We will break ground this spring; right now we are finalizing contracts and getting projects out to bid. We’re installing $2 million in amenities, such as recreational facilities, a baseball field, and we’ve worked to address some of the parking challenges. We been filling in the gaps on the avenue in preparation of the whole streetscape project coming in.
We did careful planning to ensure we could do all this construction without damaging access to local businesses. We recently completed a water and sewer project on North Main Street and there were a lot of hiccups with that. We can’t afford to keep businesses closed for long.
You didn’t run for your first term as mayor. How did your career in public service evolve and how did you end up in the mayor’s office?
Well, I do consider myself to be a political scientist. I studied revolutions, transitions, international law. But I always shied away from participatory politics.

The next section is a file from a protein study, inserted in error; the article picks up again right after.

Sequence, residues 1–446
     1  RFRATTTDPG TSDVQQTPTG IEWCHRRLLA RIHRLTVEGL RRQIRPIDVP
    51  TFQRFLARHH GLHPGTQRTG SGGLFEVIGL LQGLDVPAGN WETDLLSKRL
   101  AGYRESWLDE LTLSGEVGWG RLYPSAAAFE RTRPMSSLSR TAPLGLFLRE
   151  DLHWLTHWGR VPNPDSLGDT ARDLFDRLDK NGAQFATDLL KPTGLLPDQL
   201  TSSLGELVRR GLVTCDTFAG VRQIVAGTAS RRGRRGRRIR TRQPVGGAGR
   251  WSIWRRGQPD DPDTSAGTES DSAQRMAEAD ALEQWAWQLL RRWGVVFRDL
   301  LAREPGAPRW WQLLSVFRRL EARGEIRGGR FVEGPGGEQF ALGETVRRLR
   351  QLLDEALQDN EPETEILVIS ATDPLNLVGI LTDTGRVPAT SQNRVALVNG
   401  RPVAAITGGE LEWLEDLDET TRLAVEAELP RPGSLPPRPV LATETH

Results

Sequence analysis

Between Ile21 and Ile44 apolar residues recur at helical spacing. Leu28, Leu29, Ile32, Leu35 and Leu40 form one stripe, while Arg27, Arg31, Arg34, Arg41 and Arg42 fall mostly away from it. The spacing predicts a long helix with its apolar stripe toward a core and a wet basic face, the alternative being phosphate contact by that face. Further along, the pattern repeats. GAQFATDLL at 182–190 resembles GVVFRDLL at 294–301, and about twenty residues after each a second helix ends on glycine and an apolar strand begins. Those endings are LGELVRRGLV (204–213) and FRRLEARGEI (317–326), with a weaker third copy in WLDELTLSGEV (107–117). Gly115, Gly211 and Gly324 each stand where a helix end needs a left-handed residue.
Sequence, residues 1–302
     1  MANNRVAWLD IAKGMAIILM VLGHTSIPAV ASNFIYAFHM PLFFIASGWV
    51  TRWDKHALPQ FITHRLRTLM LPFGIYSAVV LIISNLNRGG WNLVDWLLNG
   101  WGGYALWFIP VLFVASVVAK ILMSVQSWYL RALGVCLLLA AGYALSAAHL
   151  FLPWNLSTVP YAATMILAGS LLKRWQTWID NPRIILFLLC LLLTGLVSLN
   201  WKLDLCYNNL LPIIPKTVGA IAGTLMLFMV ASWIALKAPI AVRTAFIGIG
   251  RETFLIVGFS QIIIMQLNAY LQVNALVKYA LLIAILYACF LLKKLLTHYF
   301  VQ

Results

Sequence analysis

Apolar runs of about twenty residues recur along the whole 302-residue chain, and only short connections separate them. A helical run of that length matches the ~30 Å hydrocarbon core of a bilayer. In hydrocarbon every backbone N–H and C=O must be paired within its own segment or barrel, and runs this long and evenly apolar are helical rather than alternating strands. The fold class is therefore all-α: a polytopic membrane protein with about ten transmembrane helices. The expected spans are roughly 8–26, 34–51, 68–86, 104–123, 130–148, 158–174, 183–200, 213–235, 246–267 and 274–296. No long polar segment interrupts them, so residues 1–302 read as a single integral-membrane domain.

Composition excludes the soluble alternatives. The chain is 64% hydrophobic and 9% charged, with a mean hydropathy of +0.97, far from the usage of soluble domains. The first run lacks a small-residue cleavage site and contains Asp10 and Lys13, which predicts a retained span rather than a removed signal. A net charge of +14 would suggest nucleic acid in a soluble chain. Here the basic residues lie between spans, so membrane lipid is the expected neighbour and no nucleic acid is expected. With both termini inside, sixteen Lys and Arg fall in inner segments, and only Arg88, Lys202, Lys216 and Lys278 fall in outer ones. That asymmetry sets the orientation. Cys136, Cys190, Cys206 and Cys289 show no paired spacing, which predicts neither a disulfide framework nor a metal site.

I was one of the few Puerto Ricans to graduate with my academic background. I went to the University of Hartford for political science, then a master’s degree in social work, then I went to law school. So there was a lot of expectation in my ethnic community that I would run for something, but I always said, “No, thank you.” I stayed away from it.
In 2006, there was a vacancy on the city council. I had been city attorney for five years, and I was advising everyone at city hall on what to do about getting a replacement. But then I looked at the information in front of me, the names of who was interested in the open seat, and I just said, “Forget it! I’ll do it!”
That was how it always was in my career. It would be time to step down, but then I’d look around and think, “Well, I might as well just run for another term.” And then I was mayor, because I had become council president and then the previous mayor resigned.
Setting aside, for a moment, your role as mayor and your work in Hartford, how did you grow, as a person, during the fellowship year?
I have a great personal interest in architectural history. I had always wanted to get a graduate degree in it. As I traveled to the other fellowship cities, and especially to San Juan [Puerto Rico], it was great to see the historic resources, the value there. I saw firsthand the viability of using historic places to compliment economic development, and to give our cities a stronger sense of identity.